Being a woman in a male-dominated meeting can be tough. A woman may feel outnumbered, uncomfortable, and unsupported. As one said, “It is harder to read the room if there are no other women around the table.”
Little wonder then that in one landmark study of dual-gender meetings found that women speak 25 per cent less than men on average. How can a woman make her voice heard—while still coming across in a calm, respectful way?
Consider three strategies some successful women employ to play a more productive role in meetings.
1. Master the “pre-meeting”
Researchers have found that men are more likely to spend time before meetings to connect with one another, test their ideas, and garner support. They arrive at meetings early in order to get a good seat and chat with colleagues, and they stay afterward to close off the discussion and talk about other issues on their minds.
Smart women aim to get involved in what men often called “the meeting before the meeting,” where much of the meeting direction is shaped.
Joining in these informal advance conversations can help clarify the real purpose of the meeting, making it much easier to take an active part in official discussion. Will the group be expected to make a decision? Confirm a consensus? It’s often not apparent in the official agenda.
Be respectful but informal, because that’s how men tend to form relationships.
2. Be well prepared
As with many things in life, preparation is key. Having an accurate sense of what a meeting is really about and how it will probably unfold will help you to make an effective contribution.
Jot down your questions and talking points before heading into the meeting so you don’t forget them during the fast-moving discussion.
If you need to make a presentation: practice, practice, practice. Listen to a recording of your run through. Don’t just memorise words, aim to get your main points clearly in mind.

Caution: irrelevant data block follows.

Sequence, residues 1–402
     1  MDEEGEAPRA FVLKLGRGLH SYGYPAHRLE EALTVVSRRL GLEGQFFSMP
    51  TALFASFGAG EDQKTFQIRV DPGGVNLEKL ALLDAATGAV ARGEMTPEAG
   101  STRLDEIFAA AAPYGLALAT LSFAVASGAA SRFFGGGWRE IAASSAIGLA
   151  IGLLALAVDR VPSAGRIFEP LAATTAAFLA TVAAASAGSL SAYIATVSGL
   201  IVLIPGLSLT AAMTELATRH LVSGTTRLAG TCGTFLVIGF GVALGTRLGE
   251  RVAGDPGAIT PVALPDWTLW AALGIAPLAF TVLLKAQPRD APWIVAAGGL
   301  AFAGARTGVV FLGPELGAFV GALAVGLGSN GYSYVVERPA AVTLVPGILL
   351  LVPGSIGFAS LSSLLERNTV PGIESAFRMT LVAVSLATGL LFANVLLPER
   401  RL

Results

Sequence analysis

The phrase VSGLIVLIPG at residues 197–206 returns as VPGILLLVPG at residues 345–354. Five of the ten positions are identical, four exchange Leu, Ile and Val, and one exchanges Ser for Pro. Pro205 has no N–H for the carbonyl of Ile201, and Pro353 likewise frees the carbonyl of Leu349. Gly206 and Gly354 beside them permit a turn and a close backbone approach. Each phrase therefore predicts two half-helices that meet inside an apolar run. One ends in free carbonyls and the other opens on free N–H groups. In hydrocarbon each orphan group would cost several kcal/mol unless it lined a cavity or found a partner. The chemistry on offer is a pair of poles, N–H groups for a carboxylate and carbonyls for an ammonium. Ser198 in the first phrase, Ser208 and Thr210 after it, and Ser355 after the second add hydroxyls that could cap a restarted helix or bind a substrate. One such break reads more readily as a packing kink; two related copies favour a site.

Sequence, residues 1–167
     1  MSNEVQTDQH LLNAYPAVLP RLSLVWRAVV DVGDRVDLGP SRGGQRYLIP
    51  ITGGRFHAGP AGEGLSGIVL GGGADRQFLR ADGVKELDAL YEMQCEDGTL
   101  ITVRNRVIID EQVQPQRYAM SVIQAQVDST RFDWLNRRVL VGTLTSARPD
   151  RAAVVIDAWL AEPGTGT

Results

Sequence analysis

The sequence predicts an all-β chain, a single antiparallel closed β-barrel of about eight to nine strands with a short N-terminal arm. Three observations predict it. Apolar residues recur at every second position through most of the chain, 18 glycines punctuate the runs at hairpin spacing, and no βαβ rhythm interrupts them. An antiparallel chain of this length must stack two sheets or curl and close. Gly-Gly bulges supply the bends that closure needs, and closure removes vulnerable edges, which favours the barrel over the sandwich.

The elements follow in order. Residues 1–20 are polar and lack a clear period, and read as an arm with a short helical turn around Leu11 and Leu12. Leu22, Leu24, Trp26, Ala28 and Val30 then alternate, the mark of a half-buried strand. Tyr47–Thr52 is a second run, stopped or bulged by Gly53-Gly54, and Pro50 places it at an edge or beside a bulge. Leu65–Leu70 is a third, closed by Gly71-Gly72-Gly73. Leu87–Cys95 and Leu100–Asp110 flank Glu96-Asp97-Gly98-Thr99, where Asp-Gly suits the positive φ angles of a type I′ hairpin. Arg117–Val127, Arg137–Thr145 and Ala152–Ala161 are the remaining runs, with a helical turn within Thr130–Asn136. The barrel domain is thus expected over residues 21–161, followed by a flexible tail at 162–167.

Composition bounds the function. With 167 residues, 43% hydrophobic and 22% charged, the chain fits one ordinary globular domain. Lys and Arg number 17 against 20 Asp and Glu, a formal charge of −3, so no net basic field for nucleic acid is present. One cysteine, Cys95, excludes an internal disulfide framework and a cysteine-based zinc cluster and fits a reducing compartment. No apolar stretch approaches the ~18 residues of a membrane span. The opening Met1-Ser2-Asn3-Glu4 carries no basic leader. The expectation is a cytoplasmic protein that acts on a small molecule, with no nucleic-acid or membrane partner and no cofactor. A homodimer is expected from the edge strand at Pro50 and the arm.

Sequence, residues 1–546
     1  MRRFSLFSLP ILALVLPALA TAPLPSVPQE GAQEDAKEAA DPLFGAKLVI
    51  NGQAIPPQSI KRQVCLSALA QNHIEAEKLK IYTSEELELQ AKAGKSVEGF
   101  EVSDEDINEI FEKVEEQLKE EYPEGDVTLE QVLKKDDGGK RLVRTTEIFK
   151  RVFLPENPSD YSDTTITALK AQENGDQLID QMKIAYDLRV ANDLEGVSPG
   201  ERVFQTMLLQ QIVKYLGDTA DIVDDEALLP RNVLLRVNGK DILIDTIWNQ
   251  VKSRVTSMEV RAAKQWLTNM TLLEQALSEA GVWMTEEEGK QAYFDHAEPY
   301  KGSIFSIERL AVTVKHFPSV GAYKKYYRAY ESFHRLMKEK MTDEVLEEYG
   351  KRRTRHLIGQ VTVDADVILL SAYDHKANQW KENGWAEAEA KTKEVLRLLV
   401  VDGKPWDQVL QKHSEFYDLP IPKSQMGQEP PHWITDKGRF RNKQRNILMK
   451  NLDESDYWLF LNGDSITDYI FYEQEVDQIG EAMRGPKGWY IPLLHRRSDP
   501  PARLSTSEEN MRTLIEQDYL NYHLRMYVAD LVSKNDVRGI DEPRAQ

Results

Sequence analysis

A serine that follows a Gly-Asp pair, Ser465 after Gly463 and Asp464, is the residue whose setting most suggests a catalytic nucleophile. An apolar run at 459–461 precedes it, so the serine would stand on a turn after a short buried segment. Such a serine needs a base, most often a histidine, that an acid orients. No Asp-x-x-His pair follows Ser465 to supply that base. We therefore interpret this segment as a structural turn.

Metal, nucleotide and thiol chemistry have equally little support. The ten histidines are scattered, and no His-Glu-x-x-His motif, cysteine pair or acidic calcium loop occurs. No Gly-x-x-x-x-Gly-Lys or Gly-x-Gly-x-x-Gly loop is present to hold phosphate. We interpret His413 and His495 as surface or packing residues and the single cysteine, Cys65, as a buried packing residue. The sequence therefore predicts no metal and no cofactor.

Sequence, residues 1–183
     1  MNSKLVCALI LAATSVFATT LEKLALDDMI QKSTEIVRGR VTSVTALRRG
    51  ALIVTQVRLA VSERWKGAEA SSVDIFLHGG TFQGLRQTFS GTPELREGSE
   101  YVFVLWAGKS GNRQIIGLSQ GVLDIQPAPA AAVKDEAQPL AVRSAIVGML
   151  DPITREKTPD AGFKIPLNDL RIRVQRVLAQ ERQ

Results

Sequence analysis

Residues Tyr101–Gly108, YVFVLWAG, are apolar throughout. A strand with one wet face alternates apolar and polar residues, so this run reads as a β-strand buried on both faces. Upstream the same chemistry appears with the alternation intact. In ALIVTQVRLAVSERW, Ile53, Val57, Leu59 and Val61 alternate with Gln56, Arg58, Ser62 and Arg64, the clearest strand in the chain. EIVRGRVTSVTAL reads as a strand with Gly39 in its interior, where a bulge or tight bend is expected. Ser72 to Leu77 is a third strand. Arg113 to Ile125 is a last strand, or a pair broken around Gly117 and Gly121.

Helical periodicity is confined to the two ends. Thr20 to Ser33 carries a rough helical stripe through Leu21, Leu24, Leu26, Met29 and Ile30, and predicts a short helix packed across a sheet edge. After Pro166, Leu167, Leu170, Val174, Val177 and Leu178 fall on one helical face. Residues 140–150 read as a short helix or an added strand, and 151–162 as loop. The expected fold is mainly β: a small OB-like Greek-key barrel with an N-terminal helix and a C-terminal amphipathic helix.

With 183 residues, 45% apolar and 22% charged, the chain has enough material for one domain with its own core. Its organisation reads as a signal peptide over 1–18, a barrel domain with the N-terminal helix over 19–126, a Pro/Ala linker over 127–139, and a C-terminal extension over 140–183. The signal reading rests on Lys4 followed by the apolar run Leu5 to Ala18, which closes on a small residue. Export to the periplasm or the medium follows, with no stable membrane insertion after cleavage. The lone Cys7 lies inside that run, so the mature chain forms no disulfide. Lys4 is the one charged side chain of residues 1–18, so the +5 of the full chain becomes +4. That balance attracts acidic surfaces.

3. Stay composed
Unfair as it is, men can typically get away with expressing much more passion (read emotion) at meetings without raising their colleague’s defences than can women.
Until that changes, astute women ensure they remain composed and in command of their emotions. They keep an even tone instead of shifting to a higher pitch when under stress.
The key is considering what to say, as well as how to say it. Speak clearly and deliberately, and especially avoid signalling frustration through sarcasm or curtness.
When you want to express a different opinion or turn the discussion in a different and more productive direction, use tactful questions such as, “Have you thought of this…?” or “What if we looked at it this way…?”
When the conversation becomes more intense, use active, authoritative, precise language that shows you’re taking ownership of your opinions. For example, instead of saying, “How about…?” say “I strongly suggest…”. Instead of “I tend to agree…” say “That’s right and here’s why…”. Instead of “Maybe we can…” say “Here is my plan…”.
“Men have a way to neatly repackage ideas,” says one woman executive. “They restate and amplify what you just said.” Here’s how to handle it. When a male co-worker steals your idea during a meeting, thank him for explaining your idea so clearly—and move on.
Being a woman in a male-dominated meeting can be tough. But a woman will greatly increase her effectiveness if she masters the art of “working the pre-meeting,” is well prepared, and remains composed and respectful during stressful discussions.